Outlook Add-ins

Add-in technology is an ideal way to enhance the capabilities of Microsoft Outlook. Features including advanced email management, encryption and contact management are examples of extending Outlook with Add-ins. The biggest benefit of Add-in technology involves working with Microsoft Exchange and Outlook custom forms to automate every-day business processes. This later area is where Hughes Financial Services applications excel.

Add-ins can be developed in Outlook using VBA (Visual Basic for Applications) and an automation file named VBAProject.otm. The biggest problem with the VBA approach is overcoming the security restrictions added to the latest versions of Outlook. VBA add-ins will only run when Outlook is set to run at a security level of low or medium. To run these applications at a high security level requires signing the Add-ins with a digital certificate which will expire with time. Only one VBAProject.otm file can be associated with an Outlook profile. While VBA code can be protected with a password this technique is less secure than using a compiled DLL (Dynamic Linked Library).

COM (Component Object Model) based add-ins do not have these restrictions. They can be developed in Visual Basic 6, VB.NET, or Microsoft Office Developer software. Multiple COM Add-ins can be used on a single Outlook profile and are compiled DLL applications. This improves both security and performance. A digital certificate is not required to run COM Add-ins in Outlook. Deployment is accomplished with an installation file to automate the setup and initialization of the application.

Most of our Outlook applications work with Microsoft Exchange Server and custom Outlook forms. These forms provide basic templates for data collection and can add automation of their own using the VBScript language to provide data validation and other capabilities. The forms are made available in the "Organizational Forms Library" of Microsoft Exchange or other public Exchange folders. Users can find these forms in the "Forms" library of Outlook (Tools-Forms-Choose Forms) or they can optionally be started by a hyperlink on a company intranet page. Exchange Server can also provide workflow automation using the Exchange Scripting Agent and Routing objects. If administrative restrictions or IT resources prevent customization of Exchange, basic workflow can also be added using COM add-ins in Outlook itself.

Here is a simple application that demonstrates these concepts, a newsletter for a Human Resources (HR) group. In addition to basic subscribe/unsubscribe functionality, readers can choose the topics of interest they wish to receive. Additional data such as an employee or division number can also be added. Shown below is the Outlook form used to collect this data. This form is started simply by clicking on the appropriate link on the HR's group home page on the company intranet. VBScript code is added to the form to insure that users can't send in incomplete data. In this case, users must check a Subscribe/Unsubscribe option and select one or more topics before the form can be sent.

A COM Outlook add-in manages the entire subscription process. Each Outlook form has a unique name that the add-in can sense when it arrives in the inbox. This allows the automation to separate the form from other mail and decide how to correctly process the data.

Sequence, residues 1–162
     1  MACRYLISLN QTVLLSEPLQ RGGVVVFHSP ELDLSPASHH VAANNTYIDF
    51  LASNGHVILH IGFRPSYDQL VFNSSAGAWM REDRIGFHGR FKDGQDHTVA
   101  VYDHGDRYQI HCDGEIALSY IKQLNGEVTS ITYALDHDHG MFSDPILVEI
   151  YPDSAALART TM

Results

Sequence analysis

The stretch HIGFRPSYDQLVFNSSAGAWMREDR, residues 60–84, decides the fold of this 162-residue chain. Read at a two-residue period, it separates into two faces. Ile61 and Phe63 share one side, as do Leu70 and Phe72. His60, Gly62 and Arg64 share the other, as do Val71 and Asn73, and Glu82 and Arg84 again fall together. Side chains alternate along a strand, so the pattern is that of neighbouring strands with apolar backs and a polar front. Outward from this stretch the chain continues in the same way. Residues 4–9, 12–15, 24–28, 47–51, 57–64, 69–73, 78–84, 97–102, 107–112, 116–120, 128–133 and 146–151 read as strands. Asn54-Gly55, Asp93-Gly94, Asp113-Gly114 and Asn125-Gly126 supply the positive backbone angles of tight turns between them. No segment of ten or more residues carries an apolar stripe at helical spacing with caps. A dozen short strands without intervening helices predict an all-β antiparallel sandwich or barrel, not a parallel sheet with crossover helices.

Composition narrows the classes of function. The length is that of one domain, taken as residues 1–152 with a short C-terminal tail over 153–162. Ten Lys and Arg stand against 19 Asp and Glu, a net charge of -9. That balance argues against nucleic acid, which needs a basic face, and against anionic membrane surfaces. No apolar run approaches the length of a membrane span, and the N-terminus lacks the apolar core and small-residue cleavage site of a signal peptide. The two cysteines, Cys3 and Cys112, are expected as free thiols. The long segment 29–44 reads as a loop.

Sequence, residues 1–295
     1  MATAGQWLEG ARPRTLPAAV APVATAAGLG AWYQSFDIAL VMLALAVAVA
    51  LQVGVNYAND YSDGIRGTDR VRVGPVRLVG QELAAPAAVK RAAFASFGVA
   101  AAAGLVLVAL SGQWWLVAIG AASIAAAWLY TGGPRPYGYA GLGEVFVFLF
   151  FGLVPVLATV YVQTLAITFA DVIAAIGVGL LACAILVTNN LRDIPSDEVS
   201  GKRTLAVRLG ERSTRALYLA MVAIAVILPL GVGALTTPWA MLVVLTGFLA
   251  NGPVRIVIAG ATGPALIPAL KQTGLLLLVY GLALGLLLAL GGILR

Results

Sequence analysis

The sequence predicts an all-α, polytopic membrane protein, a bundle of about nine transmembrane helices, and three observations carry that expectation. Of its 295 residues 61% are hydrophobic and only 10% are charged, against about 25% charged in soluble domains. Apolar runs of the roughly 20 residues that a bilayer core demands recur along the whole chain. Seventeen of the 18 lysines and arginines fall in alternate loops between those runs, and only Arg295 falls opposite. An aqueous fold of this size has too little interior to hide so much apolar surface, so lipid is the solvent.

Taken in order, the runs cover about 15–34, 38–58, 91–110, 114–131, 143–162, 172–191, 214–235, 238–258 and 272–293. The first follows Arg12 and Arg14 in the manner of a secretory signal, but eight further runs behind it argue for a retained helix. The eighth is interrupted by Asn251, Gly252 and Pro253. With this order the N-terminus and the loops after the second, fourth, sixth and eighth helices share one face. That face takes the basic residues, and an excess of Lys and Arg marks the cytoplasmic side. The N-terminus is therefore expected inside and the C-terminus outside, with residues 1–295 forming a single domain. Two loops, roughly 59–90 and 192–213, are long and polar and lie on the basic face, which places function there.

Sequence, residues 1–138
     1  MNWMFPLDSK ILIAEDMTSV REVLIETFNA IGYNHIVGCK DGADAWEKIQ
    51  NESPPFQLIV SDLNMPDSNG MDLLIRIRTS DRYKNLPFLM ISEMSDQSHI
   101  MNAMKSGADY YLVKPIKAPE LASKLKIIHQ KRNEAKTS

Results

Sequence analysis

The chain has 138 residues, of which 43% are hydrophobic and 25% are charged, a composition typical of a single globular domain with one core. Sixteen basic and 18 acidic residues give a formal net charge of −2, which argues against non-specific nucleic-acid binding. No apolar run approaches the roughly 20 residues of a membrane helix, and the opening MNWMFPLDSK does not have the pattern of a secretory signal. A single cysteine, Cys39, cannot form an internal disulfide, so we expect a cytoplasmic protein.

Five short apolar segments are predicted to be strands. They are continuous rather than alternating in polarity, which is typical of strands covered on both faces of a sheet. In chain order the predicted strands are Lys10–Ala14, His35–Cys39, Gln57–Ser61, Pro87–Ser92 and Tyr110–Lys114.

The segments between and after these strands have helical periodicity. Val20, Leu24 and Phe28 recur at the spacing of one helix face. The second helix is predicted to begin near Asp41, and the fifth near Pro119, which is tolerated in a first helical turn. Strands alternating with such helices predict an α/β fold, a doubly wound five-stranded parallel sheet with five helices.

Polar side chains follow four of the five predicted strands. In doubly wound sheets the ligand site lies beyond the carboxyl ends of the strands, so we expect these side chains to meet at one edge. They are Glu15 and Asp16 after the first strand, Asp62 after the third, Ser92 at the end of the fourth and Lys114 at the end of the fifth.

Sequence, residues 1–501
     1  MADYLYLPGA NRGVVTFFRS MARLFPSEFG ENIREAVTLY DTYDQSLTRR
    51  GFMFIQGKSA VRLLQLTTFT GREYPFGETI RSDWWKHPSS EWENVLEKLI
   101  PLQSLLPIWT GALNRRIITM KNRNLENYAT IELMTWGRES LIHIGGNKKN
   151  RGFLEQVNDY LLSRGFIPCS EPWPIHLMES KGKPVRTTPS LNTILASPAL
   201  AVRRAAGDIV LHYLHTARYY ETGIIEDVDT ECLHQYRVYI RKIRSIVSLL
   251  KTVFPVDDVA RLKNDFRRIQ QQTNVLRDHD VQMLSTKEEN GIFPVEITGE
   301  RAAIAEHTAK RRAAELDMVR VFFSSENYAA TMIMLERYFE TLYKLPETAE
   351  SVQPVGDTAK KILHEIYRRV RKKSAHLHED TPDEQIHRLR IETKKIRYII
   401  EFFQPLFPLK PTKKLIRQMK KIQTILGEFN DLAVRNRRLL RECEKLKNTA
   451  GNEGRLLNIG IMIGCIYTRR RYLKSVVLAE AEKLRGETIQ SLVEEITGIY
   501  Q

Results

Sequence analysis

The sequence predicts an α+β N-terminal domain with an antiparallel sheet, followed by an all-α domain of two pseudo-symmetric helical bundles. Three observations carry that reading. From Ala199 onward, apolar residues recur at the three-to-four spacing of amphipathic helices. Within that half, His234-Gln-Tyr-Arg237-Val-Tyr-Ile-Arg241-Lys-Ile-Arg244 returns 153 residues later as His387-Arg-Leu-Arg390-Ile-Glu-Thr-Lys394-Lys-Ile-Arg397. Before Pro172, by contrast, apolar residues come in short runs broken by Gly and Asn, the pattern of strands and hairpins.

All of the data items on the form including the address of the sender can be read and saved to a shared database. Each incoming form will also automatically generate an email response to the subscriber confirming the action taken. Typical the Outlook Security "Object Model Guard" will issue a warning that an application is about to send an email. Technology has been added to HFS Add-ins to overcome this restriction so the administrator does not have to confirm the outgoing emails. The forms are also saved to a specific folder to maintain the original data as a backup. All of these operations are completely automated and hundred of forms can be processed at a single time.

The add-in adds a simple command bar to Outlook to provide the administrator user interface as shown in the next picture. A description of each of the commands follows.

Check Inbox - When you first open the mailbox this function will review all mail and process any incoming subscription requests.

Send Newsletter - The application will pop-up a message which is addressed to all active subscribers. Custom text is then added and the message is sent. Alternatively the automation can be changed to send a personalized email to each subscriber. The feature can also filter the mailing list by the subscribed topic to insure that specialized newsletter only goes to subscribers who have requested that subject matter.

Start Rule - If Outlook is running, the Add-in can sense when new mail arrives and process the request automatically. "Start Rule" instructs Outlook to initialize and run this feature.

Stop Rule - Pressing this button will no longer immediately process subscription requests.

Utilities - This provides access to miscellaneous functions such as manually editing the subscriber list, cleaning/repair of the associated subscriber database and miscellaneous reports.

The Subscription Application is a very simple example of what can be achieved with Outlook and COM Add-ins. Complex applications with workflow and multiple forms are also possible. These applications can additionally be augmented with other HFS technology to produce detailed reports or feed results into other applications. Best of all, Outlook based automation projects only require a fraction of the budget necessary to implement completely web-based applications.